There are some protections for parents, however. This code specifically allows parents to refuse mental health treatment, in some situations:

Sec. 261.111.  REFUSAL OF PSYCHIATRIC OR PSYCHOLOGICAL TREATMENT OF CHILD. (a) In this section, “psychotropic drug” means a substance that is:

(1)  used in the diagnosis, treatment, or prevention of a disease or as a component of a medication; and

(2)  intended to have an altering effect on perception, emotion, or behavior.

(b)  The refusal of a parent, guardian, or managing or possessory conservator of a child to administer or consent to the administration of a psychotropic drug to the child, or to consent to any other psychiatric or psychological treatment of the child, does not by itself constitute neglect of the child unless the refusal to consent:

(1)  presents a substantial risk of death, disfigurement, or bodily injury to the child; or

(2)  has resulted in an observable and material impairment to the growth, development, or functioning of the child.

That second clause worries me – I could see parents who have refused ADHD treatment, for example, being told that their refusal has caused such consequences in their child, when in reality it’s in the eye of the beholder. But still, in general, parents can decide to forego mental health treatment and medicines for their children as minors. This is a good thing, as I believe there are still a lot of questions about whether or not such treatments are good for children. Of course, they can be, but all children are different.

Also, parents are allowed to refuse vaccinations:

Sec. 38.001.  IMMUNIZATION; REQUIREMENTS; EXCEPTIONS. (a) Each student shall be fully immunized against diphtheria, rubeola, rubella, mumps, tetanus, and poliomyelitis, except as provided by Subsection (c).

(c)  Immunization is not required for a person’s admission to any elementary or secondary school if the person applying for admission:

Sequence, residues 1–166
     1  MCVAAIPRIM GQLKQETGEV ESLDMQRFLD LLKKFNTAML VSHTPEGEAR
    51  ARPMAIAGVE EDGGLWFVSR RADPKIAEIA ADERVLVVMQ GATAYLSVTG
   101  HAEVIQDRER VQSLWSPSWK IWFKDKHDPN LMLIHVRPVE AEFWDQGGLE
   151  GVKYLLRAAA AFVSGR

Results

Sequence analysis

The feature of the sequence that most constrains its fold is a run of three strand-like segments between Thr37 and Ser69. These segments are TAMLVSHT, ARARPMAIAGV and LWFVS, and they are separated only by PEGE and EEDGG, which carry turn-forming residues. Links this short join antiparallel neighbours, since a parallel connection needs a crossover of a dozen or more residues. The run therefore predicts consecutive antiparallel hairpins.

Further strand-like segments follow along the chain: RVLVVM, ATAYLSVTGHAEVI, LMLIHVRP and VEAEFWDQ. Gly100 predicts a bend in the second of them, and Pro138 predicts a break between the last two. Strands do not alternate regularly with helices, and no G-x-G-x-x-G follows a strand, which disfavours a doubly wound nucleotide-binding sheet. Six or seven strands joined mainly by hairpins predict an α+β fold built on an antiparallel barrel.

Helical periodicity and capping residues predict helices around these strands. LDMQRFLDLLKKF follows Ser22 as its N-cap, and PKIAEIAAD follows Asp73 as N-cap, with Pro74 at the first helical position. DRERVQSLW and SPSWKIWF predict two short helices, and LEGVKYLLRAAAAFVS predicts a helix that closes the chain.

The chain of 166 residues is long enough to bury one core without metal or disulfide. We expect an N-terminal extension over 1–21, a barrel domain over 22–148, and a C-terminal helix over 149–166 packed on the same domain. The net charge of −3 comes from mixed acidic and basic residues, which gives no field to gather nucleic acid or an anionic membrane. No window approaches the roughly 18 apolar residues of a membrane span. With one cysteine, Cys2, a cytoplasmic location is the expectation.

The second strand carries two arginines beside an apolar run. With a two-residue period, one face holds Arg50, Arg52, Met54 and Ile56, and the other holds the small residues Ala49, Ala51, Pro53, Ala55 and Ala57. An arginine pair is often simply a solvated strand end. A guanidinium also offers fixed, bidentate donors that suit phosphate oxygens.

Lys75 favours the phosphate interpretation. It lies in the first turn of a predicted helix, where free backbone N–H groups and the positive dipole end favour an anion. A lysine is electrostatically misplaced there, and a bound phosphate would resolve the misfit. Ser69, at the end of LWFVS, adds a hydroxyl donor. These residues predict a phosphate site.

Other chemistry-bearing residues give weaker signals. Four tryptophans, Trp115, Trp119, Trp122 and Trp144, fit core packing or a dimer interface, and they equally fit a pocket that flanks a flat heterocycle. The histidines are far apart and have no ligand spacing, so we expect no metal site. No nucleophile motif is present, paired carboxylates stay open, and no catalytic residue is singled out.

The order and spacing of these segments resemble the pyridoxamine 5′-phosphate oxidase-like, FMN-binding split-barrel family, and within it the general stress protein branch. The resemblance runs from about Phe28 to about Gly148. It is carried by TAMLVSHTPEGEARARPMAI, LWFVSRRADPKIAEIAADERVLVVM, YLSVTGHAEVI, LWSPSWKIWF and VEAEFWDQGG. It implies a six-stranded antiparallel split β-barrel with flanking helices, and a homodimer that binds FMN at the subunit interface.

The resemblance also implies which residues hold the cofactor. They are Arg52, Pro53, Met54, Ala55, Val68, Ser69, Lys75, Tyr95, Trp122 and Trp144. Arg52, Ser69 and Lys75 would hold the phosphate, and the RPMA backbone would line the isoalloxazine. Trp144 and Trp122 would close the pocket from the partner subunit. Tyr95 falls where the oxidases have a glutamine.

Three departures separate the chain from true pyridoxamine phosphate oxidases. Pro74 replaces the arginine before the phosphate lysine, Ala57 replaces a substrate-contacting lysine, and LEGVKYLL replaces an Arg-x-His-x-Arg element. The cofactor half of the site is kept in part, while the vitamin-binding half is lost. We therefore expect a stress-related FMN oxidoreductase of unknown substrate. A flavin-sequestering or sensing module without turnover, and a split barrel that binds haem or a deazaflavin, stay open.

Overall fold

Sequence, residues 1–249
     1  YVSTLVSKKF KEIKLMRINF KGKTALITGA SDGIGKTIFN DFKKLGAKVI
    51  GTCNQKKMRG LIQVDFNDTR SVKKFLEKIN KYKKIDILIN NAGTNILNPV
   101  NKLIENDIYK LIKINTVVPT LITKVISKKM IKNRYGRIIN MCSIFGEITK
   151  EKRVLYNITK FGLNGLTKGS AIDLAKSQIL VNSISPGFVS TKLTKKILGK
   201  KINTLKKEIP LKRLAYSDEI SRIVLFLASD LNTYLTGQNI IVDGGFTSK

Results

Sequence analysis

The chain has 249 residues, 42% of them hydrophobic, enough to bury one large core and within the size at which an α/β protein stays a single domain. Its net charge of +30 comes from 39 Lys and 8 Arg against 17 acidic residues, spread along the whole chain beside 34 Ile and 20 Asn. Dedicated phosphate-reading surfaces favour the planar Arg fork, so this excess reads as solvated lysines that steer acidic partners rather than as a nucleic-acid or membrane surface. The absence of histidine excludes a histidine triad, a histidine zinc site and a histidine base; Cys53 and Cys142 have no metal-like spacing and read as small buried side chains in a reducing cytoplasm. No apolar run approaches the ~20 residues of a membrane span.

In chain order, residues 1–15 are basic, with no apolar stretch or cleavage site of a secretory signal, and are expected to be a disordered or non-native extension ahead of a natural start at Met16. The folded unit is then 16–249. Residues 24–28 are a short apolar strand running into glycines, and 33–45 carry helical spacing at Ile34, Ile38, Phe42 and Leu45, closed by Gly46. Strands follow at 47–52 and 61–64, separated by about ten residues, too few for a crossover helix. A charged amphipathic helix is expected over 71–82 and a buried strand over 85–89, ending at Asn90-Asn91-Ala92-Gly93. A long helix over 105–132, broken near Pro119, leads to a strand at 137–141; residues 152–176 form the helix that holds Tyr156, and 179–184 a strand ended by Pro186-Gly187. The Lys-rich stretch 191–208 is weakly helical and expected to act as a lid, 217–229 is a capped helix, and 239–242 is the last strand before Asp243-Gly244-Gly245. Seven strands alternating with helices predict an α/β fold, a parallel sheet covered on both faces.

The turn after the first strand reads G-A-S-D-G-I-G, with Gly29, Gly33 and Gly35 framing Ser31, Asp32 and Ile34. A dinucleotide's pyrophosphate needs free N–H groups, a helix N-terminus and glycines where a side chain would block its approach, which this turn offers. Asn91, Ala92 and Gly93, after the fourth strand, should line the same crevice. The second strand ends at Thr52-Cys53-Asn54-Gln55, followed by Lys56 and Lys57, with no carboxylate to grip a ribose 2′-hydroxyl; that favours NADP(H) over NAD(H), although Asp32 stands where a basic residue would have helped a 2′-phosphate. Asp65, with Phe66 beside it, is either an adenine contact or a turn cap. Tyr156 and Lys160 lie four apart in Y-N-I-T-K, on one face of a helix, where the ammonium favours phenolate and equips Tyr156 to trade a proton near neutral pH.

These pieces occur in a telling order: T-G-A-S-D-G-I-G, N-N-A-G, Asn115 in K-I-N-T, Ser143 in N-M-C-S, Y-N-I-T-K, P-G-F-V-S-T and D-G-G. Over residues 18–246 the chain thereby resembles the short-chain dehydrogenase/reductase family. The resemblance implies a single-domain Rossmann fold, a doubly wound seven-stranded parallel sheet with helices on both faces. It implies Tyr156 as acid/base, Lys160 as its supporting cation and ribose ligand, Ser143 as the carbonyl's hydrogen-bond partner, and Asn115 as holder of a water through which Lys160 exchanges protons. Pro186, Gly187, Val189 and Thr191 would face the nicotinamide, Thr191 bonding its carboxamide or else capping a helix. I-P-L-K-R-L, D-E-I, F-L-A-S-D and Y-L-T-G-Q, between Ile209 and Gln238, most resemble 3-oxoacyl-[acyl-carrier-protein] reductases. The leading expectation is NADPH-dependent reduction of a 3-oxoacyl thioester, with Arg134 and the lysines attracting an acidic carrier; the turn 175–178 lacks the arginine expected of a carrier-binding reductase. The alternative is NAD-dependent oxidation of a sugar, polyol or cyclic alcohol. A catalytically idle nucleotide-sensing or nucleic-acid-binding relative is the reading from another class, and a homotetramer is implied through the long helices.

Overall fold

(1)  submits to the admitting official:

(A)  an affidavit or a certificate signed by a physician who is duly registered and licensed to practice medicine in the United States, in which it is stated that, in the physician’s opinion, the immunization required poses a significant risk to the health and well-being of the applicant or any member of the applicant’s family or household; or

(B)  an affidavit signed by the applicant or, if a minor, by the applicant’s parent or guardian stating that the applicant declines immunization for reasons of conscience, including a religious belief;

(source: Texas Education Code, Sec. 38.001)

This exemption also applies to college students in regards to the bacterial meningitis requirement:

(d)  A student to whom this section applies or a parent or guardian of the student is not required to comply with Subsection (c) if the student or a parent or guardian of the student submits to the institution:

(1)  an affidavit or a certificate signed by a physician who is duly registered and licensed to practice medicine in the United States in which it is stated that, in the physician’s opinion, the vaccination required would be injurious to the health and well-being of the student; or

(2)  an affidavit signed by the student stating that the student declines the vaccination for bacterial meningitis for reasons of conscience, including a religious belief, except that the exemption provided by this subdivision does not apply during a disaster or public health emergency, terrorist attack, hostile military or paramilitary action, or extraordinary law enforcement emergency declared by an appropriate official or other authority and in effect for the location of the institution the student attends.

(source: Sec. 51.9192 of the Texas Higher Education Code)

There may also be other protections in the law for parents to refuse treatment, etc., but I’ve run out of time to do research right now – so I’ll do it later, and write another post about what I find.